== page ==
5. John Van Wagner

    Q: with a fledgling draft of a 3-objects piece submitted, a question occurs to me: do you — does anyone here— have compelling sources to do with writing what I’d call ‘extended spaces’? I have quite a few in mind, but would be pleased to learn of other such dwelling places for uncanny writing. Kafka’s “The Burrow” is one, or “Investigations of a Dog”; others occur plentifully in early Beckett, scenes breaking off from the through-line of the Molloy-Malone Dies-The Unnameable trilogy, and I can see it in Krazhnahorkai but can’t pinpoint because I haven’t yet read enough. These tend to be obsessive spaces full of rolled-up and unscrolled prose with an essentially poetic energy. It’s the between-space I generally write in, a poetry that is ‘lengthened’ until it looks like prose, or, a possessed prose so concerned with a single, extended, rhythmic breath that it is indistinguishable from poetry. As distinct from, say, the “prose poem”.

      • John Van Wagner

        oh yes, I know your K piece. Ashamed to say I know nothing about K, more than what Wikipedia delivers (though somewhat familiar with H and W and S and D). Rummaging around trying to discover what the hell “ahoretia” could be, stumbling on Constantin Noica was inevitable, and wondering if there are translated portions around of his “Six Maladies of the Contemporary Spirit”.
        I will also be on the lookout for Ander Monson. I think some of Nathalie Sarraute could come into my search.

  6. Martha Jackson Kaplan

    John, Take a look at Anne Carson’s “Float: Variations on the Right to Remain Silent.” It’s series of pamphlets. No words for the wonder of it. And maybe Clarise Lispector’s, The Smallest Woman in the World,” and some of the shorts within the story, “Dry Horses.” Let me know if any of these fit, especially the Carson.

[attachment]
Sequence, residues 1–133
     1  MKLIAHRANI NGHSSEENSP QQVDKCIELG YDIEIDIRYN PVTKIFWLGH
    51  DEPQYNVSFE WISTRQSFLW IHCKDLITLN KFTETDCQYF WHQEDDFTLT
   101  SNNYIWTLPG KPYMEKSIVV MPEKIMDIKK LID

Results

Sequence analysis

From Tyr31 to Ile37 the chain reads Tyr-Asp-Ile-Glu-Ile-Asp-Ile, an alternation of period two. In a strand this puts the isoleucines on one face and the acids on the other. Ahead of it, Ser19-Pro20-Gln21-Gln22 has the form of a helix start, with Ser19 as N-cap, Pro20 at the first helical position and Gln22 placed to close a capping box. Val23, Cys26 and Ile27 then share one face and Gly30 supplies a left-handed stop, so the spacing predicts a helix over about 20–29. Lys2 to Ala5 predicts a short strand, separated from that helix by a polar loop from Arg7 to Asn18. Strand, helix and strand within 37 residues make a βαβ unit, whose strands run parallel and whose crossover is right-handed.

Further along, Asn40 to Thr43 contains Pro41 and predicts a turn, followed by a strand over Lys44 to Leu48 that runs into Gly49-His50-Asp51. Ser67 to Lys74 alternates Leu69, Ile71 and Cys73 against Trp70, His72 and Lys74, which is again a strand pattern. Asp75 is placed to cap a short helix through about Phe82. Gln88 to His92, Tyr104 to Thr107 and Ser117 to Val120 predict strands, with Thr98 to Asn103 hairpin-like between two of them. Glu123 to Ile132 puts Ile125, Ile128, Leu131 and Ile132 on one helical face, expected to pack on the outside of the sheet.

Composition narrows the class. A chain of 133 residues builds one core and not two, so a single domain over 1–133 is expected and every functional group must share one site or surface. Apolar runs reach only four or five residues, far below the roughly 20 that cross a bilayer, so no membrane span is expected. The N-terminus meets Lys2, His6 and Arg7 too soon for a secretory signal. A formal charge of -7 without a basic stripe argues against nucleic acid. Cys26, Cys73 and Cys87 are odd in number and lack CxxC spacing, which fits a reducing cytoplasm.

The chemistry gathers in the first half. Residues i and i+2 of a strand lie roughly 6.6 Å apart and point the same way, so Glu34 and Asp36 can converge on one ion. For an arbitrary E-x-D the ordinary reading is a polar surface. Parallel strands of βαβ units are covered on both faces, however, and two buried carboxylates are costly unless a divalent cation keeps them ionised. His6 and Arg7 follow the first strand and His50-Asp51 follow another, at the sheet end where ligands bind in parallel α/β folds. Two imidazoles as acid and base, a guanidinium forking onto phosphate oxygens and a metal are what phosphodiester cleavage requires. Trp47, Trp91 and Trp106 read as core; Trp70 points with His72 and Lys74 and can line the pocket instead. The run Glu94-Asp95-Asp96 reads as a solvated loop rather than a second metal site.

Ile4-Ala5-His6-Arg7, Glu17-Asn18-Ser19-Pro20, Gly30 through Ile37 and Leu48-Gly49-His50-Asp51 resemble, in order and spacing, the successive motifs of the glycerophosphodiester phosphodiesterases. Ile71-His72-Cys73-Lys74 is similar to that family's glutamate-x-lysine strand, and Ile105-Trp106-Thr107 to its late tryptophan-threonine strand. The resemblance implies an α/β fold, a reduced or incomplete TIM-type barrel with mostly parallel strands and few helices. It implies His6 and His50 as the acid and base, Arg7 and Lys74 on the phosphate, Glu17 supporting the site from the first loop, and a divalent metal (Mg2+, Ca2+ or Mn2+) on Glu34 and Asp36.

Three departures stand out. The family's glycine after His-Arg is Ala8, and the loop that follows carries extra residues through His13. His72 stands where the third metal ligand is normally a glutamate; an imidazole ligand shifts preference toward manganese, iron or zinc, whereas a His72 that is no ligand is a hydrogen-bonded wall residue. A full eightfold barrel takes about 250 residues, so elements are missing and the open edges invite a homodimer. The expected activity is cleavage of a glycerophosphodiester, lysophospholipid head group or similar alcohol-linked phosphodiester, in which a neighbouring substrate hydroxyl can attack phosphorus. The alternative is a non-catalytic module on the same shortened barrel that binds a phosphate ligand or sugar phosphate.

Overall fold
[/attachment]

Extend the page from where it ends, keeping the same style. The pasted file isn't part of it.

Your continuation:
7. Martha Jackson Kaplan

    Alina, I have posted three pieces, a day 1, and 2 day 2 pieces no response but one, for one of them. Would you mind glancing at them, if you have time? Nonetheless, the ability to correspond here as well as the work given by you and the work of others here has been inspiring. Thank you.

    • Alina Stefanescu

      Dear Martha, I’m moving through each in order of posting. I’m trying to take the time to think about them. I think I did comment on your post from yesterday and I’m currently working on today’s. Sometimes I’m a faster thinker and sometimes I mull. 🙂

      • John Van Wagner

        Here is a very slow writer and constant, obsessive muller (also an instrument, often made of glass, for grinding pigments). But to genuinely and carefully give something to another’s writing, doesn’t it have to be?

  8. Lisa Alletson


    I have no questions but my brain is both full and now expanding with your teaching, prompts and feedback. I’m thrilled to have this reading material along with your commentary, as I haven’t done an MFA.

    This has been a brilliant experience. I understand the site will be up for a few days so I can spend time reading the work of other participants and downloading the material.

    Thank you,

  9. John Van Wagner

    To everyone: thanks! I’ve had a great time, though the way it started off I thought I’d be attending my own funeral. Seems it’s often like that, but with all your help I’ve been able to swim back to the surface. Help you didn’t even know you’d given, eh? (Hint: it’s in the words). I’m sorry I’m not going to be able to get comments to all of you in the second round, but I’m fading, fading. If these stay up, maybe I’ll be able to over the next couple of days. Hope to ‘see’ you ‘around’.

  10. John Van Wagner

    thought I would leave this if anyone needs to contact me outside of the community page here: john.van.wagner@gmail.com; ig: @johnvanwag; twitter: @johnvw_sf.
    I have pretty much decided I am not going to be submitting my writing for publication anywhere, (I’d rather just write) but I am building a website as a repository for the bodies: past, present, and future. That site is johnvanwagner.com and currently shows only a cheery “Coming Soon!” I am working on it.

  11. Jenne Hsien Patrick

    I enjoyed this weekend so much – I too feel like there is so much to soak in that I am looking forward to rereading and revisiting. Alina thank you so so much for this wonderful adventure, I am really looking forward to reading more to many new to me authors and also the prompts – so generous! Thank you!!!

  12. Todd Clay Stuart

    I just wanted to say what a pleasure it was sharing this space with everyone these last few days. I hope to get the time to read and comment on everyone’s work these next few days, as well as catch up on the rich reading material Alina has prescribed. If anyone wants to stay in touch, feel free to follow me on Twitter @toddclaystuart. Also, I have a link on my website that lists a bunch of upcoming flash/poetry websites put on by a variety of well-regarded writers. Thank you all!